As concerns over climate change and natural resource depletion grow, investors have sought opportunities for "impact investing" to generate both market-rate financial returns and quantifiable environmental gains. But a new report by the Nicholas Institute for Environmental Policy Solutions presenting findings from interviews of investment fund managers of environmental real assets reveals little consistency in how environmental returns are measured and reported. Moreover, as the authors explain in a Q&A, metrics are not designed to allow for evaluation of funds' environmental performance. Although investors are considered to be generally uninterested in distinguishing among funds in terms of environmental returns, that may be changing.
A new Nicholas Institute working paper reviews the literature on the costs and benefits of government investments in public water data, finding that the median benefit-cost ratio across different economic sectors and geographic regions is 4:1. But much uncertainty attends this number; few studies empirically quantify or monetize the costs and benefits of water information with sound economic methods, and no studies have quantified the value of water quality information. 
In an article in the journal Ecosystem Services, the Nicholas Institute's Lydia Olander, the Nicholas School of the Environment's Lynn Maguire and their co-authors explain why little of the abundant ecosystem services research can directly support decisions. The authors note that decision makers require cost-effective, straightforward, transferable, scalable, meaningful, and defensible methods that can be readily understood. Their article provides illustrative examples of the gaps between research and practice and describes how researchers can make their work relevant to decision makers by using benefit relevant indicators and by choosing models appropriate for particular decision contexts.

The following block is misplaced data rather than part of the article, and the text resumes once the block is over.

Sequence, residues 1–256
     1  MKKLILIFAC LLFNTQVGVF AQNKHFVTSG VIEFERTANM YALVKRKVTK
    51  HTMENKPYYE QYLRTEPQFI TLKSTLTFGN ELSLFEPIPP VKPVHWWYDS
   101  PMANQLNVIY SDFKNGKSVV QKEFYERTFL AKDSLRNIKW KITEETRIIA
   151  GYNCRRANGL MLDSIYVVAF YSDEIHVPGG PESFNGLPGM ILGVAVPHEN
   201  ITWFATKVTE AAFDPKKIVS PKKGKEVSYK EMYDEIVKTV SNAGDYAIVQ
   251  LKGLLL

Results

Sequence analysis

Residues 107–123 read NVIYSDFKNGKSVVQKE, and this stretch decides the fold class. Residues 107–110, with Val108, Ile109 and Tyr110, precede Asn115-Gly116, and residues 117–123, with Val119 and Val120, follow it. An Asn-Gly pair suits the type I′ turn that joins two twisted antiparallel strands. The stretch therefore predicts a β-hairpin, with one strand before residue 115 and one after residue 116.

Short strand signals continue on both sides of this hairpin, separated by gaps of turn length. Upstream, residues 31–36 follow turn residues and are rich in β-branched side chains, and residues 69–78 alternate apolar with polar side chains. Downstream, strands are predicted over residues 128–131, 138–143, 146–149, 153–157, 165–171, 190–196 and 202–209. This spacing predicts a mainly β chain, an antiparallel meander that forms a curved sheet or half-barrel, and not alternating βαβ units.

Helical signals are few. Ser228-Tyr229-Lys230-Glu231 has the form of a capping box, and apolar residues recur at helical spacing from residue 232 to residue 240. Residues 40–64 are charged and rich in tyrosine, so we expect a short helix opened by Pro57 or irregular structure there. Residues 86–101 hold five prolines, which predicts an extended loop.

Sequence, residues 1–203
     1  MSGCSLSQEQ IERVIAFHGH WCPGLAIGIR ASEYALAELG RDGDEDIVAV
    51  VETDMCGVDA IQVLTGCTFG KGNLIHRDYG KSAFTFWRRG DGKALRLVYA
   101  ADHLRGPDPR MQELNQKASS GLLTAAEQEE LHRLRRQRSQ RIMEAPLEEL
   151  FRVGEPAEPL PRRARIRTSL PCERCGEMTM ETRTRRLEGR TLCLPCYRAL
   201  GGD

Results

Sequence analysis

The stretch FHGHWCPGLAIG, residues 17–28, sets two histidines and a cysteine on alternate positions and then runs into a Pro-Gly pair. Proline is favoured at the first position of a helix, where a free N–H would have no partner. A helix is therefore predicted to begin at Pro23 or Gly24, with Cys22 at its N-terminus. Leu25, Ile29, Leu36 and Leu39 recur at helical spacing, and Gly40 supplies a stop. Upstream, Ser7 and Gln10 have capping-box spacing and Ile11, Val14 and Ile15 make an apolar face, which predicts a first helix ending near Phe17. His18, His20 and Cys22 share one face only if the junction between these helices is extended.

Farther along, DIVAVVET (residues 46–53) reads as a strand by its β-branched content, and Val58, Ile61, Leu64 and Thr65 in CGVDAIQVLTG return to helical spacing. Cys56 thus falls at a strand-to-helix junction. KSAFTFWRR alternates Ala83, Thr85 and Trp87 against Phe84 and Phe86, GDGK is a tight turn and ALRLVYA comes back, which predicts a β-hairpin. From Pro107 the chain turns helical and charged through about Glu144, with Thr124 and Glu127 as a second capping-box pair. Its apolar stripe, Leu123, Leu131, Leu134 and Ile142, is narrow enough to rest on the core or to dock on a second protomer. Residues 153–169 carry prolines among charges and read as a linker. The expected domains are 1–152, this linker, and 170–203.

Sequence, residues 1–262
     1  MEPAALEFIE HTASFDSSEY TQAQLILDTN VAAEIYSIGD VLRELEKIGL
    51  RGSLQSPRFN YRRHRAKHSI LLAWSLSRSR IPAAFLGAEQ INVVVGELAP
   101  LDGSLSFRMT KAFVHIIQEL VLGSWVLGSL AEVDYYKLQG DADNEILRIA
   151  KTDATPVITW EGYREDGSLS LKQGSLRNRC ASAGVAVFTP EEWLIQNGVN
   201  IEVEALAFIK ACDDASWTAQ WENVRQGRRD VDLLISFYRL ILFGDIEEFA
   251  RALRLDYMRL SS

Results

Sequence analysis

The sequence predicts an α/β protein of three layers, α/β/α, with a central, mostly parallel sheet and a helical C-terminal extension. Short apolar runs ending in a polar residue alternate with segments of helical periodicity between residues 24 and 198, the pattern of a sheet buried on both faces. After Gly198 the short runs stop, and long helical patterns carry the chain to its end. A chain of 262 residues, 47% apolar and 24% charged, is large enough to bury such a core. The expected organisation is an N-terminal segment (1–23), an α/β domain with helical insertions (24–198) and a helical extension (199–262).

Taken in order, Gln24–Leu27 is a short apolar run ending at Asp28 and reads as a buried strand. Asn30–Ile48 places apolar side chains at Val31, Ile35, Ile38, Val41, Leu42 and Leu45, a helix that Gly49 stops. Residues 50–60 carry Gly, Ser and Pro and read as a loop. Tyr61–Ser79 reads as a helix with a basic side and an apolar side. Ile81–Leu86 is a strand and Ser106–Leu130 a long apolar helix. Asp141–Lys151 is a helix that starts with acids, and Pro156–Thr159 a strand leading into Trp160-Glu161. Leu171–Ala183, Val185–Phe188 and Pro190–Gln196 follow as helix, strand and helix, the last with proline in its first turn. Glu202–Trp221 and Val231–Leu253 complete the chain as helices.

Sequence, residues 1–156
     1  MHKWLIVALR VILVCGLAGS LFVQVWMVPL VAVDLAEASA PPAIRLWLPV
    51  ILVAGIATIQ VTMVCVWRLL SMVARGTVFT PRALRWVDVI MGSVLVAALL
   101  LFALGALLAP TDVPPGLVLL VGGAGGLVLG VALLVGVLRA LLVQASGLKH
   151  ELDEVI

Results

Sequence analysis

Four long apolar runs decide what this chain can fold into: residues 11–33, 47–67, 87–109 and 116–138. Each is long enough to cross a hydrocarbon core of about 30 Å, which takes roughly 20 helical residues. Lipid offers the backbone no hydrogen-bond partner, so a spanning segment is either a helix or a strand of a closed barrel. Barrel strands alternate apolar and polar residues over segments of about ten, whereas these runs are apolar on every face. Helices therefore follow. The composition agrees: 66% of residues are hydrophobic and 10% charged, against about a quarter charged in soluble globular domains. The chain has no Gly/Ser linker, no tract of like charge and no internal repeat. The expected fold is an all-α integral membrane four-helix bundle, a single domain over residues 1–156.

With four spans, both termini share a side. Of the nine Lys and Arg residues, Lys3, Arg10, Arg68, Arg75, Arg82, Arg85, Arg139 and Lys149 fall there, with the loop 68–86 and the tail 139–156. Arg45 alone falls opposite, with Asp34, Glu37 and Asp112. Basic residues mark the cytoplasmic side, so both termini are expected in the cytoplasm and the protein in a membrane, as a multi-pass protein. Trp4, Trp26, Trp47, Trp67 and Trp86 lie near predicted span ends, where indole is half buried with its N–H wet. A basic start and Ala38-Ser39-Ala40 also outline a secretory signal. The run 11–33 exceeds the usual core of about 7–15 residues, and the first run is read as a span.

Canadian Ecosystem Systems Toolkit
August 2, Online Webinar
Incorporating Environmental Justice for Disadvantaged Communities into California Climate Law
September 11, Durham, North Carolina
Energy Week at Duke
November 5-10, Durham, North Carolina
Murray on Consequences of Paris Agreement Exit
During an appearance on "Capital Tonight," the Nicholas Institute's Brian Murray said President Donald Trump's decision to exit the Paris Agreement "means that the world's second-largest emitter of greenhouse gases is now stepping away from the international process to try to address the reduction of emissions over the next several decades. What that means is that the responsibility is going to fall on the rest of the world to take those actions"--a move that "allows others to dictate the terms of trade." (Murray's comments begin at 8:25.)
NPR , How Climate Change Will Hit the South's Economy
Associated Press, A Look at How Trump's Climate Move Affects the Coal Industry
Science, What's the Damage from Climate Change? NPR, Mapping the Potential Economic Effects of Climate Change

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